Senate Minority Leader Chuck Schumer titled his recent New York Times Op-Ed column "We Won't Be Fooled Again."
He writes: "When I met with Judge Gorsuch on Feb. 7, I sought to ascertain his potential to be an independent check on the president. The judge was clearly very smart, articulate and polite, with superb judicial demeanor. But over the course of an hour, he refused to answer even the most rudimentary questions."
This isn't just partisan posturing; Sen. Schumer has every reason to be suspicious.
Many justices who have served over the past half-century have surprised both the public and the presidents who nominated them. Democrat Byron White turned out to be much more conservative than John F. Kennedy ever anticipated. Republican Harry Blackmun, nominated by Richard Nixon, wrote the Roe v. Wade majority opinion. Republican Sandra Day O'Connor came to play the role of centrist — no doubt a disappointment to the Reagan administration. Republican John Paul Stevens, a Gerald Ford nominee, became the most articulate liberal voice on the court. Republican David Souter, nominated by George H.W. Bush, turned out to be more Yankee than conservative.
What all these pre-John Roberts "surprise" justices had in common was their independence of mind. But then came George W. Bush, with his nominations of Roberts and Samuel Alito, sealing the deal that Antonin Scalia, Anthony Kennedy and Clarence Thomas had begun. Vetting and ideological reliability had declared war on independence of mind.
On the most contentious issues, such as women's reproductive rights, these carefully vetted judges vote as a bloc so often and so predictably that women's rights groups fear the end of Roe v. Wade could be near — this despite promises that all these "conservative" justices made at their respective confirmation hearings, illustrated below by excerpts taken from the testimony of Roberts and Thomas:
SEN. ARLEN SPECTER [From John Roberts' 2005 Supreme Court confirmation hearings]: Judge Roberts, in your confirmation hearing for the circuit court you testified: "Roe is the settled law of the land." Do you mean settled for you, settled only for your capacity as a circuit judge, or settled beyond that?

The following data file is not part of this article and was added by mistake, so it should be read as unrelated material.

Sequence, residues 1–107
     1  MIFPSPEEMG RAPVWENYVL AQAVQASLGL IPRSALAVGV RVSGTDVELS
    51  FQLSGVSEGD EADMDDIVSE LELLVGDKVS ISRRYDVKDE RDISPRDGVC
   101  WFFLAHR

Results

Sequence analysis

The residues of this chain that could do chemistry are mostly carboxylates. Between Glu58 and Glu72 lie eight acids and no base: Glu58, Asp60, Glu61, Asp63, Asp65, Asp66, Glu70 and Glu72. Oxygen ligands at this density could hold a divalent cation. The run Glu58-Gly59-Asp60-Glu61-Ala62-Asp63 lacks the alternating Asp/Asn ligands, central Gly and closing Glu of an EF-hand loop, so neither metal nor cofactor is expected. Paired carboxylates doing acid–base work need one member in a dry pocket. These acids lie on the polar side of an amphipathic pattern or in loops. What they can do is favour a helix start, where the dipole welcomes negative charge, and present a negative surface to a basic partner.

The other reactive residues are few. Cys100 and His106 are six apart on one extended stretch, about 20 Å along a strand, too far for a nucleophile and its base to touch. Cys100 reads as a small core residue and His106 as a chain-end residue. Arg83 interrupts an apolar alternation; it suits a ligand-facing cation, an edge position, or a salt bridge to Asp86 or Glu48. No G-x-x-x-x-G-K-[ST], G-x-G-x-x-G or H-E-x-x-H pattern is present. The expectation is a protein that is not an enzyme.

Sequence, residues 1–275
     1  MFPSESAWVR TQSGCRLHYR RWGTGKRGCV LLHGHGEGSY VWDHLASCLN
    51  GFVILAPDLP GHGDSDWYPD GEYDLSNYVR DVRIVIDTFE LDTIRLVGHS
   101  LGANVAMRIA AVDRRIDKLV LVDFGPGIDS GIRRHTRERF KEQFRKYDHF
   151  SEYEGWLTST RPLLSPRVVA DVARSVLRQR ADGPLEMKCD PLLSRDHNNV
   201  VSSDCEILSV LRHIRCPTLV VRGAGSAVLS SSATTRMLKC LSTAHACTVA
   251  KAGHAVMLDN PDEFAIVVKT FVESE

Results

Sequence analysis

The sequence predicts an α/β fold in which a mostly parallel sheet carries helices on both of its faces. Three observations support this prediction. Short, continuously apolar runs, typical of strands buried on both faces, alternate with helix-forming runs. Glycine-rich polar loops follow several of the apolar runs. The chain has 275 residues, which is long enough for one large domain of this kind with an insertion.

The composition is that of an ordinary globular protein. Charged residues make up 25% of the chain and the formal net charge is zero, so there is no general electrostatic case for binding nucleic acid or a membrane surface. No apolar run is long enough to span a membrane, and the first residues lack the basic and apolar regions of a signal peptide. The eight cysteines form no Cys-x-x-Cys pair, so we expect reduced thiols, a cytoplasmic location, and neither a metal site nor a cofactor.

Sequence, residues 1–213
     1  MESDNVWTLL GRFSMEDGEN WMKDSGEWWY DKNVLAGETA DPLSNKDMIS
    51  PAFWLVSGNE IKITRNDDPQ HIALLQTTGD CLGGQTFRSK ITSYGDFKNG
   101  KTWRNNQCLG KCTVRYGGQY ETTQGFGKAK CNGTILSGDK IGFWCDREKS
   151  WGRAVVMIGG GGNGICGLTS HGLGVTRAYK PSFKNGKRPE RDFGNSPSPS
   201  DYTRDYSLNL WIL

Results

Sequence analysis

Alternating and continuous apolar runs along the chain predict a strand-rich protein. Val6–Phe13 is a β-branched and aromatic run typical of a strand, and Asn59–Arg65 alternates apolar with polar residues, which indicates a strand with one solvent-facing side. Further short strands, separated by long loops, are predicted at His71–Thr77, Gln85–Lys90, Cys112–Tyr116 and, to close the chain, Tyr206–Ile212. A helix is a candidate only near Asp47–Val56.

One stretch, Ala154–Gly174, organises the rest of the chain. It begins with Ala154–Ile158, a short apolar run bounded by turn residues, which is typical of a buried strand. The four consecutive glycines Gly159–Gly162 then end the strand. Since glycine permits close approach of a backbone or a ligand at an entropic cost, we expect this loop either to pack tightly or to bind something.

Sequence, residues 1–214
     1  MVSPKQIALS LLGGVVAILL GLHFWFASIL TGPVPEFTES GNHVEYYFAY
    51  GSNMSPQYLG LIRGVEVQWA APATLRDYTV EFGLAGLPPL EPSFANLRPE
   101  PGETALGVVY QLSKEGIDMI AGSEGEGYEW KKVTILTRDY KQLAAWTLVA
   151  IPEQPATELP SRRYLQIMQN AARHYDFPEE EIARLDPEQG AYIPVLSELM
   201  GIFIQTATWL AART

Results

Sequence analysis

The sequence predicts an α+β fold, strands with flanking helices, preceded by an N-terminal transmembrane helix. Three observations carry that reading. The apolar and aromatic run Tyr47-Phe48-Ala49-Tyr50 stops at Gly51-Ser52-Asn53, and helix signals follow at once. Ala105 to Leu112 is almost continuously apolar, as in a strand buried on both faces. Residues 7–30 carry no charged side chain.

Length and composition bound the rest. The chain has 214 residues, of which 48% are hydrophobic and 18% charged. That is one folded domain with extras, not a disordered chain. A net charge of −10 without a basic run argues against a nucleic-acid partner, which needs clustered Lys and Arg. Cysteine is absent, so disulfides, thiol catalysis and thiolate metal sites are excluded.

JOHN ROBERTS: Well, beyond that. It's settled as a precedent of the court, entitled to respect under principles of stare decisis. And those principles, applied in the Casey case, explain when cases should be revisited and when they should not. And it is settled as a precedent of the court, yes.
SPECTER: You went on to say then, "It's a little more than settled. It was reaffirmed in the face of a challenge that it should be overruled in the Casey decision, so it has added precedential value."
ROBERTS: I think the initial question for the judge confronting an issue in this area, you don't go straight to the Roe decision. You begin with Casey, which modified the Roe framework and reaffirmed its central holding.
SEN. JOE BIDEN [From Clarence Thomas' 1991 Supreme Court confirmation hearings]: Does the 14th Amendment protect the right of women to decide for themselves in certain instances whether or not to terminate pregnancy?
CLARENCE THOMAS: My view is that there is a right to privacy in the 14th Amendment.
BIDEN: Well, does that right to privacy protect the right of a woman to decide for herself in certain instances whether or not to terminate a pregnancy?
THOMAS: The Supreme Court has made clear that the issue of marital privacy is protected, and in the case of Roe v. Wade has found an interest in the woman's right to terminate a pregnancy. I do not think that at this time that I could maintain my impartiality as a member of the judiciary and comment on that specific case.
Even when grilled, you get the dance around the truth. It's hard to see what's inside the nominees' minds as they parry questions with nuggets of what the questioners hope to hear.
And we need not begin and end with reproductive rights. There are voting rights, immigration policies, health care — you name it; it's all at stake.
Sen. Schumer asserts that it remains for Judge Gorsuch to convince the Senate that he truly will bring an independent mindset to his work. He wants more proof than a single rebuke of President Trump, as Gorsuch offered last week — although plainly that's a start. Fundamentally, Schumer doesn't want to be lied to again.
Much is at stake. Trump has already shown utter disdain for people who exhibit an independence of mind. He threatens, and blusters, and seemingly has no coherent take on much of anything. Thus, it's not overblown to say that our governing institutions and very separation of powers depend greatly on the members of the Supreme Court holding tight to their independence of mind. ♦